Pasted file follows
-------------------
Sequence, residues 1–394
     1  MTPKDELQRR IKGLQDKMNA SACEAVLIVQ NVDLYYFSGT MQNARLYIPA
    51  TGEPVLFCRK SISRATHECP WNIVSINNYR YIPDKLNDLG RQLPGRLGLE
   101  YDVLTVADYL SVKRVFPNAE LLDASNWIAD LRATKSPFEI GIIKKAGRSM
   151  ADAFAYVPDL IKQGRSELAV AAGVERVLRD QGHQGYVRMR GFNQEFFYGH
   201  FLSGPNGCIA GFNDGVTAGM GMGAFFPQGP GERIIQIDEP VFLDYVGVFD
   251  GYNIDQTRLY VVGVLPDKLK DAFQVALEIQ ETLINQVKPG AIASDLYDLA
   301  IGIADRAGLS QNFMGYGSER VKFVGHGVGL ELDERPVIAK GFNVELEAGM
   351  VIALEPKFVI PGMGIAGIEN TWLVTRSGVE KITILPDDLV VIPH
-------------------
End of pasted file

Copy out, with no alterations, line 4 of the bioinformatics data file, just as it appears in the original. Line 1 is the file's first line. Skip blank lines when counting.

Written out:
   101  YDVLTVADYL SVKRVFPNAE LLDASNWIAD LRATKSPFEI GIIKKAGRSM